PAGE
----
Oct. 20, 2009 -- The ABC News Consumer Comfort Index crossed a dubious barrier this week, returning to -50 after a three-month stretch above it.
That level, on the CCI's scale of +100 to -100, is about as bad as it gets. The index's been this low or lower just 23 times in 23 years of weekly polls – 22 of them in 2008 or 2009. The index, down 5 points in two weeks, is now its worst since mid-July, and just 4 points above its worst-ever rating, -54 last in January.
The recent slide reflects sagging ratings of the buying climate and personal finances alike. Just 23 percent of Americans now rate buying climate positively, the fewest since July 19, when the CCI last hit -50. Forty-one percent rate their personal finances positively, the fewest since this measure hit its record low in June.
The third component of the CCI, rating the national economy, has been more stable recently, but miserable – only 11 percent positive.
There's no mystery why confidence continues to struggle. On top of unemployment, home foreclosures reportedly increased by 5 percent from July to September, affecting nearly one million homes, a record; retail sales in September dropped 1.5 percent from August; and there's rough news for parents of college-bound kids, with tuitions reportedly up 6.5 percent for public in-state tuition over last year.
INDEX – As noted, ratings of personal finances, typically the best of the CCI's three measures, have slipped to 41 percent positive, down 8 points from their recent high, 49 percent Aug. 23. That's the steepest such decline since the summer, when this measure hit its record low, 39 percent positive. Now 16 points below the long-term average, it's has been below a majority for 23 weeks straight and all but two weeks this year.
Ratings of the buying climate, at 23 percent positive, are just 5 points from the record low and 14 points below the long-term average. They've been below 30 percent for a record 84 weeks.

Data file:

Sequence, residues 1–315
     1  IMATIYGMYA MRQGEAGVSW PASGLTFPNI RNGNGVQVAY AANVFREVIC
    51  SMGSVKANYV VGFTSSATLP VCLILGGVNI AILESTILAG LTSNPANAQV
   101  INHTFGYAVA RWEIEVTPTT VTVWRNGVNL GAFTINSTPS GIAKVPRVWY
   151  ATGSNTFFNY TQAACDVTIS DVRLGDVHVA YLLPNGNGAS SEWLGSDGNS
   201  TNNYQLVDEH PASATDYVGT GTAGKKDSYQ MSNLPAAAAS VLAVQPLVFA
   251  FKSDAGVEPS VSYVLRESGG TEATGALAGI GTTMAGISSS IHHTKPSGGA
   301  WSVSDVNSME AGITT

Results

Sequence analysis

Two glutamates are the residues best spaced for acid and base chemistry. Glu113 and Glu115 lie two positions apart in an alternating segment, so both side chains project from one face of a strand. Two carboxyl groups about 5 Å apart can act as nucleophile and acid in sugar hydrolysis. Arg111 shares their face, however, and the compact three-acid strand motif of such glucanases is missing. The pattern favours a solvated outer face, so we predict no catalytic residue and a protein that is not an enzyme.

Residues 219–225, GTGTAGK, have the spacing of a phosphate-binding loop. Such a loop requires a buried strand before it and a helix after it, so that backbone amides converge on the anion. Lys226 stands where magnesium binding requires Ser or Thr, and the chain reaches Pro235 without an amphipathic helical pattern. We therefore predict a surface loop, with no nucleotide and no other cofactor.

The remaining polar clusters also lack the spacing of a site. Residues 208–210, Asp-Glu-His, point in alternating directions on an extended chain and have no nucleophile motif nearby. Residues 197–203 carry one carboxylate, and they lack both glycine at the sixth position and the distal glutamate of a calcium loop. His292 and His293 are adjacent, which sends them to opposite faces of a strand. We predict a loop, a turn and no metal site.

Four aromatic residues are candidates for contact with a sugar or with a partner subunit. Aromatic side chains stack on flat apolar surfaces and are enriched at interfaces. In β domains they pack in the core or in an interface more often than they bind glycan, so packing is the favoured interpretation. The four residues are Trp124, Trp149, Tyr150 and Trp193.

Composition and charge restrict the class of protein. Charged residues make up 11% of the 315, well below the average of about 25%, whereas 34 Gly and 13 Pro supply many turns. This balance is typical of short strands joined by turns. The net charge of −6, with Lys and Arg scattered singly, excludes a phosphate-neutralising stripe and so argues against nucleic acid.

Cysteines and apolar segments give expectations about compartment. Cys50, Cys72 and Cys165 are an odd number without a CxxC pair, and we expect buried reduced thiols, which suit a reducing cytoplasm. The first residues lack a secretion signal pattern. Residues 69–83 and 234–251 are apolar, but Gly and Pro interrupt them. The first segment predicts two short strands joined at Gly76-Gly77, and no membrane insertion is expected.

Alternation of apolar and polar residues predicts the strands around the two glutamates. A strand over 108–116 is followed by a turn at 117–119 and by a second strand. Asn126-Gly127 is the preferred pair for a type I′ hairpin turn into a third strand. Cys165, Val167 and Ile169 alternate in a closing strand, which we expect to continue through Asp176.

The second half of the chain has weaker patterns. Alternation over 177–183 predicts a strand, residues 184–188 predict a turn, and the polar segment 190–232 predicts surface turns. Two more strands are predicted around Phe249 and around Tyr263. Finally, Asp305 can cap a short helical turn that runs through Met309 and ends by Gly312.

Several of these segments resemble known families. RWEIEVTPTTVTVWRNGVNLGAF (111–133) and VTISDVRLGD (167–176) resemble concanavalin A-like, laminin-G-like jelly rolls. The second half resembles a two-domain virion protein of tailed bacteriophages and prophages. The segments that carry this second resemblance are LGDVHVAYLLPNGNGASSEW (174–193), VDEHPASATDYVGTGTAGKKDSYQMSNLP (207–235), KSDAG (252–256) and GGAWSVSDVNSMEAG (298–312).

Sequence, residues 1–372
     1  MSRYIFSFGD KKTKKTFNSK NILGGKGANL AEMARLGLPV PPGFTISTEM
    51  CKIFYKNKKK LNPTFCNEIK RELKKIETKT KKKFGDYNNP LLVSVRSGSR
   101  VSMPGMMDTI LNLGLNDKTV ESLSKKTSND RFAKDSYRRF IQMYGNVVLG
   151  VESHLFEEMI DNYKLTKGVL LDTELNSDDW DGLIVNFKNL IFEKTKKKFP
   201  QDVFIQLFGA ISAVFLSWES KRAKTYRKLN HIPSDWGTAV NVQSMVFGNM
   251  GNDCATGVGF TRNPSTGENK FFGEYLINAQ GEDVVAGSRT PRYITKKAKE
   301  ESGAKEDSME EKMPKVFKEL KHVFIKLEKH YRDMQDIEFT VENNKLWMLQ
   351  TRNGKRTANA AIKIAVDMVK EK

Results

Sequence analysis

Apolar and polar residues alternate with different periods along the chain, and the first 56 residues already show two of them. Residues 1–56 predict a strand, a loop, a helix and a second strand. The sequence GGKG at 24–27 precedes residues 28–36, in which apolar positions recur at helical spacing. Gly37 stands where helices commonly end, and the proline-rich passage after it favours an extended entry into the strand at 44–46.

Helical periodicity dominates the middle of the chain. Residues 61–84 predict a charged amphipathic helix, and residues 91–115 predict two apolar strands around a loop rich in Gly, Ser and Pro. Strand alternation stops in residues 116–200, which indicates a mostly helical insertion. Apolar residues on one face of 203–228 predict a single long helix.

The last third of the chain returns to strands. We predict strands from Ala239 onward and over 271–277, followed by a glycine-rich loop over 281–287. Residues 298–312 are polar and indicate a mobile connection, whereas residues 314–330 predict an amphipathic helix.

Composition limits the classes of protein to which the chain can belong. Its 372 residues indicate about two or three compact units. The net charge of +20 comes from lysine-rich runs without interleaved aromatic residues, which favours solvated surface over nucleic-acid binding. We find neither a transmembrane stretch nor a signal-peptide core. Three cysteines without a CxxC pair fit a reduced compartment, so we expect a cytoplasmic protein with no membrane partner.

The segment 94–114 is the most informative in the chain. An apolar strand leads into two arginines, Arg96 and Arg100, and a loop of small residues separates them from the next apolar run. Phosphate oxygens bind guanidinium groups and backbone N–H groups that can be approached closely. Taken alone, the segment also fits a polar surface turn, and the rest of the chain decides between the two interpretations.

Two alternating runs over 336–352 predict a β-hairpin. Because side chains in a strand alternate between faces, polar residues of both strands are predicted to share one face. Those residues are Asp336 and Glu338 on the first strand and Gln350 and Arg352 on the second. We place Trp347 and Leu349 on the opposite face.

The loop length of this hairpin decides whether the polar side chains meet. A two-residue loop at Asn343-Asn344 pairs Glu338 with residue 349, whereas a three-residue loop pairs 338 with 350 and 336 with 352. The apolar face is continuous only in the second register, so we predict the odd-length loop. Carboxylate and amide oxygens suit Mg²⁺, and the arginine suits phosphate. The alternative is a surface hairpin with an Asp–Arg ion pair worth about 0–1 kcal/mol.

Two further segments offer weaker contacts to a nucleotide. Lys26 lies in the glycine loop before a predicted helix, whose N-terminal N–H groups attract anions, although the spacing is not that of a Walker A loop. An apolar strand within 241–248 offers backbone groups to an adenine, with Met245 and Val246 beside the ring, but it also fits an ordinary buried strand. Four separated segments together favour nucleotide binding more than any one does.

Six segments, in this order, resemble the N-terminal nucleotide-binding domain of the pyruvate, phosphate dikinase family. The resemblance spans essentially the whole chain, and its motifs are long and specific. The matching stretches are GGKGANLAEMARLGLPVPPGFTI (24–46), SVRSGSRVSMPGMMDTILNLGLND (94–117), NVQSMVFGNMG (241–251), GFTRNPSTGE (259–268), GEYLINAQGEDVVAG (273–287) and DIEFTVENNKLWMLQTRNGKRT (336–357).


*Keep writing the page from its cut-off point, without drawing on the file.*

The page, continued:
Ratings of the national economy, for their part, are a remarkable 27 points below average.
TREND – At -50 this week, the CCI ends its 12-week run above that grim mark – its longest such stretch since May 2008. It's the 12th time this year the index has been -50 or worse, compared with 10 times in all of 2008 and only once before that in weekly polling since December 1985.
The index has been below -40 for a record 78 weeks, hasn't been positive since March 2007 and stands only 4 points from the record low, -54 on Jan. 25. Overall, it's 38 points below its long-term average, -12, and miles from its best annual average, +29 in 2000, and all-time best, +38 in January 2000.
GROUPS – The index is higher as usual among better-off Americans, but has been negative across the board for 34 weeks straight, the longest such run in data since 1990.
The CCI is -39 among people who've attended college (the worst since August) vs. -82 among high school dropouts (a new low), -44 among men while -55 among women (also the worst since August), -40 among homeowners compared with -71 among renters, and -51 among whites (a point from the low) vs. -56 among blacks. This week's 5-point racial gap again is narrower than usual – it's averaged 28 points long-term.
Partisan differences remain, but are smaller than usual, with the index at -33 among Republicans vs. -52 among Democrats and -59 among independents (2 points from the low). That 19-point partisan gap is far smaller than the long-term gap, 32 points.
Here's a closer look at the three components of the ABC News CCI:
NATIONAL ECONOMY – Eleven percent of Americans rate the economy as excellent or good, the same as last week. The highest was 80 percent Jan. 16, 2000. The worst was 4 percent Feb. 8, 2009.
PERSONAL FINANCES – Forty-one percent say their own finances are excellent or good; it was 42 percent last week. The best was 70 percent, last reached in January 2000. The worst was 39 percent June 28 and 21, 2009.
BUYING CLIMATE – Twenty-three percent say it's an excellent or good time to buy things; it was 25 percent last week. The best was 57 percent on Jan. 16, 2000. The worst was 18 percent, last reached Oct. 19, 2008.
METHODOLOGY – Interviews for the ABC News Consumer Comfort Index are reported in a four-week rolling average. This week's results are based on telephone interviews among a random national sample of 1,000 adults in the four weeks ending Oct. 18, 2009. The results have a 3-point error margin. Field work by ICR-International Communications Research of Media, Pa.
The index is derived by subtracting the negative response to each index question from the positive response to that question. The three resulting numbers are added and divided by three. The index can range from +100 (everyone positive on all three measures) to -100 (all negative on all three measures). The survey began in December 1985.
ERRATA – A software problem at ICR created errors in crosstabulated results by income group and marital status in data Aug. 30 to Oct. 18. The CCI overall and in other crosstabulations was not affected. This report has been updated with corrected results by income group and marital status.